United Nations human rights investigator Hani al-Majaleh is on a visit to Sanaa
United Nations human rights investigator Hani al-Majaleh speaks during a news conference on the last day of his visit to Sanaa. Yemen needs urgent international aid to head off a humanitarian crisis, a UN mission visiting the impoverished country said on Wednesday, warning of "collective punishment" against civilians. © Mohammed Huwais - AFP
United Nations human rights investigator Hani al-Majaleh is on a visit to Sanaa
AFP
Last updated: July 7, 2011

UN mission warns of Yemen humanitarian crisis

Yemen needs urgent international aid to head off a humanitarian crisis, a UN mission visiting the impoverished country said on Wednesday, warning of "collective punishment" against civilians.

"We call on the international community to quickly provide humanitarian aid to Yemen during this difficult time," said the UN team in a statement at the end of a nine-day visit.

"Yemen is facing a humanitarian crisis due to intentional actions plus a failure in taking action," it said.

"We remind everyone, whether government or non-government parties, that civilians should not fall as victims of collective punishment because of the power struggle" gripping their country, it said.

"Officials must realise that with such actions, they are violating international laws and will thus be held accountable after Yemen passes this phase. We urge them to stop these acts," it added.

The poorest country in the Middle East has since late January been rocked by deadly anti-government protests demanding President Ali Abdullah Saleh's ouster. Security forces have been used to clamp down on protests across the country.

The unrest has led to shortages in power, water, food and fuel, amid charges that elite Republican Guard troops led by Saleh's son Ahmed are preventing supplies from entering Sanaa.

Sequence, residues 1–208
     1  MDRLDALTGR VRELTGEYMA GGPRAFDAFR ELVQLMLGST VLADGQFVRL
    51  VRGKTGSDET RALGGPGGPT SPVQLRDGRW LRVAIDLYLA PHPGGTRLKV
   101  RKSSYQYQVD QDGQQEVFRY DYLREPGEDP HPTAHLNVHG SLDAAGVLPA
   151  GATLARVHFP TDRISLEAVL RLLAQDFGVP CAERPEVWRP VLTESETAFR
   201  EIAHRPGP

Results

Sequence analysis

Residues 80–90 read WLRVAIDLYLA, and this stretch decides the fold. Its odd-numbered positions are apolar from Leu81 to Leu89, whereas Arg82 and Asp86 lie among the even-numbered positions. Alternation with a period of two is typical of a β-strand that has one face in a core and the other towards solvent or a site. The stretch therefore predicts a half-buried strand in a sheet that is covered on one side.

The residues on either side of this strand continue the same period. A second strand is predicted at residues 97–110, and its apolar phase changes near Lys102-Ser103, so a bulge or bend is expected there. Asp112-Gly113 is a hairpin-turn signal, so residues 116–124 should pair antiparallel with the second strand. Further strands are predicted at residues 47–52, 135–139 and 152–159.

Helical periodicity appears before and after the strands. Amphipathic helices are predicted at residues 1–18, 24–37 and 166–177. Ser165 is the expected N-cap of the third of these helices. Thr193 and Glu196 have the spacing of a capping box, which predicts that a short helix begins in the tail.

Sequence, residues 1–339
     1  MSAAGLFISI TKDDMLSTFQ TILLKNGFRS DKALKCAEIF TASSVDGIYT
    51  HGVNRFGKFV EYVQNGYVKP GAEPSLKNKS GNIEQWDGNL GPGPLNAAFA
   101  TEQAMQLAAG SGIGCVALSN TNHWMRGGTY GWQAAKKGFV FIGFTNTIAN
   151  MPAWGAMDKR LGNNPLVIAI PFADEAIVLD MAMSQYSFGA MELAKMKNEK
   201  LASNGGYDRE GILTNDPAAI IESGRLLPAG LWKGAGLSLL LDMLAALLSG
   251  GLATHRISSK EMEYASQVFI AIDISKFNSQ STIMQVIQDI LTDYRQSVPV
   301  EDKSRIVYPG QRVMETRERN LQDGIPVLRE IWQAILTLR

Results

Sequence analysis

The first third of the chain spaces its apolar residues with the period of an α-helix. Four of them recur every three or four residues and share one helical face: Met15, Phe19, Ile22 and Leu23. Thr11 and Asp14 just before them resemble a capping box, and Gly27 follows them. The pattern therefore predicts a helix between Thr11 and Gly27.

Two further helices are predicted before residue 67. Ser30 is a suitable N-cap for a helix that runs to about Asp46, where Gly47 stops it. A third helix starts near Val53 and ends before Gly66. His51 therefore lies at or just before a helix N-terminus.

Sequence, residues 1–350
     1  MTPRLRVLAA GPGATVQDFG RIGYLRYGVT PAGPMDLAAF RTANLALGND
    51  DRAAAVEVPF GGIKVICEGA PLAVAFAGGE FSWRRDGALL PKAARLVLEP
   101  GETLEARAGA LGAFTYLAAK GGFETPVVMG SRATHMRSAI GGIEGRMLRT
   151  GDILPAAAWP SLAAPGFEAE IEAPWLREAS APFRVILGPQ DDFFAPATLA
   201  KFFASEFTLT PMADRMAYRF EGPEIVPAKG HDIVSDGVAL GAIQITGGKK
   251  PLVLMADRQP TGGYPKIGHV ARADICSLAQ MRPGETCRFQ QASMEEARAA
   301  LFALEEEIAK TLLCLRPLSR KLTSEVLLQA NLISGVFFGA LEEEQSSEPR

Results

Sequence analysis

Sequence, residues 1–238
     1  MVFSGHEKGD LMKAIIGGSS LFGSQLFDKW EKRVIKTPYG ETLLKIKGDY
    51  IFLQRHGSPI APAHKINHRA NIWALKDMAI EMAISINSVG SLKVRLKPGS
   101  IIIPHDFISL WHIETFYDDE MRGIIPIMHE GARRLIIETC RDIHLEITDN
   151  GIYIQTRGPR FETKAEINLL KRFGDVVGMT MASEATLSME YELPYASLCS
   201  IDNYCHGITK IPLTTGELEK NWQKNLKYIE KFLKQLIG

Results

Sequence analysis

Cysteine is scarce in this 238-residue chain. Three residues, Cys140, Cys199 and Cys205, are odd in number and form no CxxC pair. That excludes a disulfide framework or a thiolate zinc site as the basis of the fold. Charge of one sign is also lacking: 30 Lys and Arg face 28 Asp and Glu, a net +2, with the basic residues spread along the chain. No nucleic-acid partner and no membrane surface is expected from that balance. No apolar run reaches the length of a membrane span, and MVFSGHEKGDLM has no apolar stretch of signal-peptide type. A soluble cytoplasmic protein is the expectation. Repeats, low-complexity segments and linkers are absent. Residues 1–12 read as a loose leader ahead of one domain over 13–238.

"The absence of security, the spread of outlaws, obstacles preventing free movement, and the many outcomes of oil and power shortages have greatly influenced the economy and means of transporting food from cities to countryside," said the UN statement.

"It has also affected education and medical services ... and has caused inflation as well as an increase in unemployment. It has also created an economy which depends on the black market," it said.

Oxfam aid agency last month said that several months of unrest and anti-regime protests had exacerbated the humanitarian situation in Yemen, where at least seven million people go hungry each day.

The Common Forum, a parliamentary opposition alliance, has repeatedly held the regime of embattled Saleh, hospitalised in Saudi Arabia from wounds sustained in a June 3 bomb attack, responsible for the shortages.

The grouping has also accused Saleh's regime of carrying out "collective punishment" against the people.

The mission sent by the United Nations High Commissioner for Human Rights landed in Sanaa on June 28, nearly a week after the UN Security Council expressed "grave concern" over the violence in Yemen.

Team members held talks with regime and opposition officials as well as representatives of Yemeni civil society.

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